Sunday, February 17, 2013

Pho Ga: Vietnamese Chicken Soup

Vietnamese sisters, Mary Nguyen Aregoni and Theresa Nguyen, along with their mother, Mama Suu have the corner on great Vietnamese food in Chicago. Not only do they own the highly acclaimed restaurant at 567 W Lake but they started out in a space at the Chicago French Market and remain a main-stay at the growing market where Lillie's-Q hung out a sign this past week.
I always welcome the goodies they pile high on me to take home and try… like this new Vietnamese cookbook by Charles Phan, chef-owner of The Slanted Door restaurants in San Francisco.
Vietnamese Home Cooking is a beautifully photographed journal of Vietnam and its food and has at least a half a dozen recipes that I am anxious to try. 
In fact, Vietnamese cooking is one of my all time favorites.I love the crispy texture of both the meat and the egg rolls.
Why Vietnam? The cinematography in the 1992 movie The Lover placed Vietnam high on my list of places to go and after seeing this cookbook, I am ready for a trip.
In this recipe for Chicken Soup, Phan makes the chicken for his pho in a most unusual way. He simmers it for 15 minutes, lets it sit covered for 15 minutes, then gives it an ice bath for 15 minutes.

Vietnamese soup is a feast for the eyes and well as the taste buds. Everything is beautifully laid out in a bowl and then the hot liquid is ladled on so as not to disturb the symmetry of the dish.
I cooked this today when I felt a little under the weather and the temperature was teetering around zero.
Do I think that chicken soup is the best medicine there is? Try this recipe and I guarantee you’ll feel back on the path to health and ready for another bowl before you even get a chance to finish your first one.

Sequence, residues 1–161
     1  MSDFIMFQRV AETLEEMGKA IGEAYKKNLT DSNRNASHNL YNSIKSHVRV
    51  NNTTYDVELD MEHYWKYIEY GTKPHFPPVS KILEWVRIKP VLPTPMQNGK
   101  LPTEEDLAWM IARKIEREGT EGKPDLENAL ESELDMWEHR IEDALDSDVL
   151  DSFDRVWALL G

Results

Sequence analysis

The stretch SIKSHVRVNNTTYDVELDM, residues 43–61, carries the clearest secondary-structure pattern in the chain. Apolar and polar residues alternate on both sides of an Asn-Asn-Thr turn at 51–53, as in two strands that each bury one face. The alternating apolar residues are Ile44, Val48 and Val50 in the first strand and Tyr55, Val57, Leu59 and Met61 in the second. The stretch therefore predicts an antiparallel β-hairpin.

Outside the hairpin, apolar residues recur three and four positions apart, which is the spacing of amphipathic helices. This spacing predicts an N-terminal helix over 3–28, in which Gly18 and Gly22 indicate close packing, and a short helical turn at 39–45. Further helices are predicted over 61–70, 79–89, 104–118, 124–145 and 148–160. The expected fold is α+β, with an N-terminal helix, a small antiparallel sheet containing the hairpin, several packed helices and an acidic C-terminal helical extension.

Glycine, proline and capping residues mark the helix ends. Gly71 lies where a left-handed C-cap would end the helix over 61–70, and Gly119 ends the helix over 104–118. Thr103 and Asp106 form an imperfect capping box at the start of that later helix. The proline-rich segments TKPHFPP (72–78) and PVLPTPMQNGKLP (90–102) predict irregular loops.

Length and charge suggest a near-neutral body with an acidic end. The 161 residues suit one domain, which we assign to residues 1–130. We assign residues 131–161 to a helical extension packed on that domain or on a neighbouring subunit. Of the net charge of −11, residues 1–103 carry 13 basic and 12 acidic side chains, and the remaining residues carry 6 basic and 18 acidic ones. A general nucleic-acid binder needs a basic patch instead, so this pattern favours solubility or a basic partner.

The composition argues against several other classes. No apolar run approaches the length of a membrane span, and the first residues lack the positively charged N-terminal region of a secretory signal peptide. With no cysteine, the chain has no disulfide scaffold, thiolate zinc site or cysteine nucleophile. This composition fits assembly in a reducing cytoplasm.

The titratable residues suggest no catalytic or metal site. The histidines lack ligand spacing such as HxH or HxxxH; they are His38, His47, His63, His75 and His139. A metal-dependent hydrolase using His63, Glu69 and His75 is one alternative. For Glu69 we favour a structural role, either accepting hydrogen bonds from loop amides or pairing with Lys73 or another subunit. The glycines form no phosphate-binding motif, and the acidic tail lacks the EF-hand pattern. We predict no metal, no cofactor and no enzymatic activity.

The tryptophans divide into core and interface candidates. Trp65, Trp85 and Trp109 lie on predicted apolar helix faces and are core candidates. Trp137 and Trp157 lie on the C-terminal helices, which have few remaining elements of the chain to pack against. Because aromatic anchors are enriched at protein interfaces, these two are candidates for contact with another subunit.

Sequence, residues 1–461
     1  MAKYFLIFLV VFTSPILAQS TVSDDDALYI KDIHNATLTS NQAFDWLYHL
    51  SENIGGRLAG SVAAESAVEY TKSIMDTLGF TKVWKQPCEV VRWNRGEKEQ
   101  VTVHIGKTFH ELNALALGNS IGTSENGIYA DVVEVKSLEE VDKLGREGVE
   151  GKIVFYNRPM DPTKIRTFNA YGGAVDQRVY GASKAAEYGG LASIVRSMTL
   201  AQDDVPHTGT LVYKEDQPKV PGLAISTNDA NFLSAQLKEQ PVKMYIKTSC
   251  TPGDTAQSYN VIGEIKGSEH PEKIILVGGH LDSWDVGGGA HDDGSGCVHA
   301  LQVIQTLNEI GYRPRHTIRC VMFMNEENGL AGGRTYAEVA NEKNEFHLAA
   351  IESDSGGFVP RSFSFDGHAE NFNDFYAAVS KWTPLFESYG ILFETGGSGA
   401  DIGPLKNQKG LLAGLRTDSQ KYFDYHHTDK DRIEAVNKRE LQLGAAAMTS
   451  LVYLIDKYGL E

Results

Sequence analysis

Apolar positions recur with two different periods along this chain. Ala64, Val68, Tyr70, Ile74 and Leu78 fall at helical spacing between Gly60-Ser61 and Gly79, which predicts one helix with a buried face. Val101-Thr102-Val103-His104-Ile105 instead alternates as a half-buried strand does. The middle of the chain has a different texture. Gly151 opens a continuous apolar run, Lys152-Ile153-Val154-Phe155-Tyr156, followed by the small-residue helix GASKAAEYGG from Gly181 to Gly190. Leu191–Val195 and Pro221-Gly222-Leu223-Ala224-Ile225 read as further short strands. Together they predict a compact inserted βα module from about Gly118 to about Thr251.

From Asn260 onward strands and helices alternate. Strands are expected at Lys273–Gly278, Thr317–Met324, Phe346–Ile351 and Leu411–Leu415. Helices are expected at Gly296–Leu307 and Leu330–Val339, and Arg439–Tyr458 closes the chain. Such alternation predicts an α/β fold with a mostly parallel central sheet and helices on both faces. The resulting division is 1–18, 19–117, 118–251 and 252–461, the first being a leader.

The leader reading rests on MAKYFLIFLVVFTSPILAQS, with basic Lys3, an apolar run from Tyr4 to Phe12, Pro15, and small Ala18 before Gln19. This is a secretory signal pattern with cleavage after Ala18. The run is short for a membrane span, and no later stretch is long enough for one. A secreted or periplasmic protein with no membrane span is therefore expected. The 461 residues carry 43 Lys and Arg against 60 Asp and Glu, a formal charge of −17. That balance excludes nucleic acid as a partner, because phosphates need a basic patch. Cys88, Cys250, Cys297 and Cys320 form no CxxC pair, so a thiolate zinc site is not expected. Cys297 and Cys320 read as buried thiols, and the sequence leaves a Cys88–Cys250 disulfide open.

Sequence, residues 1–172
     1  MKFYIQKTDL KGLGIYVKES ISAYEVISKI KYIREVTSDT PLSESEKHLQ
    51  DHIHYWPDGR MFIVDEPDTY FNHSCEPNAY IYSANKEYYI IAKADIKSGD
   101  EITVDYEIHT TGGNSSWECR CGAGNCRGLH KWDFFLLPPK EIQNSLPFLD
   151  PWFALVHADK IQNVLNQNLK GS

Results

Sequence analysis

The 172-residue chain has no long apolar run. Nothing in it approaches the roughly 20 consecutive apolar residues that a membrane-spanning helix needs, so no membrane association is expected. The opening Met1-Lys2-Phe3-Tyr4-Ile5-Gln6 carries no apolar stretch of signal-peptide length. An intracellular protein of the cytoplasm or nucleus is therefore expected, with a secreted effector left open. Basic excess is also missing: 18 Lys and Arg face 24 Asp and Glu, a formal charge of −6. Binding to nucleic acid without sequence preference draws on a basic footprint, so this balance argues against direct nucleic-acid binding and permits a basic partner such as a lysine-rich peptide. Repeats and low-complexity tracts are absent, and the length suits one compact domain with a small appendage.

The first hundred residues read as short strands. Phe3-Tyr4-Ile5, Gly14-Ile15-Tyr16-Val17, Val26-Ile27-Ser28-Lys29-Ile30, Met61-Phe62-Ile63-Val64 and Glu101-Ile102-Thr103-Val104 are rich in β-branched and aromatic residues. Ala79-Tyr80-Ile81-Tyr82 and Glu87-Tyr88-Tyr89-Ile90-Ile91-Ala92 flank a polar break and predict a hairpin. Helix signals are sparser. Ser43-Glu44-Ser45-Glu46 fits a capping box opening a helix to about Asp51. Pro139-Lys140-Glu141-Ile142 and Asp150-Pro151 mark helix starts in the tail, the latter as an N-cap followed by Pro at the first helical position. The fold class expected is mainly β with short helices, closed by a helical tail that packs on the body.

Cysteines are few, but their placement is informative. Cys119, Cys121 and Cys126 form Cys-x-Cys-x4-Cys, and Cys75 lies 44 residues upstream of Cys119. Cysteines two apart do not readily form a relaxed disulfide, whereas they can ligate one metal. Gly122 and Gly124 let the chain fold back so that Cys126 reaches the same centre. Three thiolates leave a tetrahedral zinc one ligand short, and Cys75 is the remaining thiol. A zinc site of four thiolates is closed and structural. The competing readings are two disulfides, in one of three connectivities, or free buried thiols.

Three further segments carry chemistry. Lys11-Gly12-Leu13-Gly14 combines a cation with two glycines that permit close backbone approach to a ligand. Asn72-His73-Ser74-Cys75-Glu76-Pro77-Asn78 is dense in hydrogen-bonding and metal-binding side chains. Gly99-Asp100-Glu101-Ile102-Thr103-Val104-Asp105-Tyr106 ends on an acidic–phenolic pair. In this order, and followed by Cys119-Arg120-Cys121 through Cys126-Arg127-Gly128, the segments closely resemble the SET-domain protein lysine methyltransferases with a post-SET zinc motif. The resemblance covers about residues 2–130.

Don’t skip the crispy fried shallots as the garnish. They are really addicting and rumor has it that’s where the medicinal healing power is hidden.

Bon Appetit!

4 quarts water
1 bunch scallions, dark green cut off for soup, white and light green thinly sliced for garnish
2 pieces fresh ginger, whole and crushed
1 Tablespoon salt
4 chicken breast halves on the bone
3 ½ Pounds wings, backs and necks
2 Tablespoons light brown sugar
1 Package (16 ounces) dried rice vermicelli, soaked in hot water for 30 minutes and drained
Fresh cilantro, chopped
1 bunch fresh basil (Thai if you can find it)
3 cups Mung Bean Sprouts
1 lime cut into 6 wedges
1 jalapeno, stemmed and thinly sliced
2 Tablespoons fish sauce
Chili garlic sauce, such as sriracha
Crispy fried shallots

In a soup pot, bring the water, scallions, ginger, and salt to a boil. Add the chicken breasts and return to a boil. Skim well. Lower heat and simmer for 15 minutes.
Turn the burner off, cover the pan, and let the chicken sit for 15 minutes. Transfer the chicken to a bowl of ice water. Let it sit for 15 minutes more.
Meanwhile, put the chicken wings, backs, and necks into a large heatproof bowl. Bring a tea kettle of water to a boil and pour it over the chicken pieces. Let it sit for 15 minutes. Drain the chicken and rinse with cold water.
Add the chicken pieces to the pot with the brown sugar. Return the liquid to a boil. Skim the surface thoroughly. Cook, skimming often, for 1½ hours. With a large slotted spoon, remove the chicken pieces, ginger, and scallions (if you used chicken wings, remove the meat from the bones and use in another dish).
Drain the chicken breasts, pat them dry, and discard the skin and bones. Shred the meat with your hands. Add it to the pot of chicken stock with the noodles. Add a small handful of scallions and half the cilantro. Ladle the soup into bowls and serve with Thai basil, sprouts, lime, jalapeno, fish sauce, and chili-garlic sauce. Top with fried shallots.

Crispy Fried Shallots

2 cups canola oil
2 cups thinly sliced shallots (about 4 large)

In a small saucepan, heat oil over medium-high until it registers 275 degrees. 

Add shallots and cook, stirring, until light brown brown, about 8 minutes. 

Using a slotted spoon, transfer shallots to a paper towel-lined plate. 

Shallots will keep in an airtight container for 1 day, but they're best the day of. 

Strained, the oil will keep, refrigerated, for several weeks.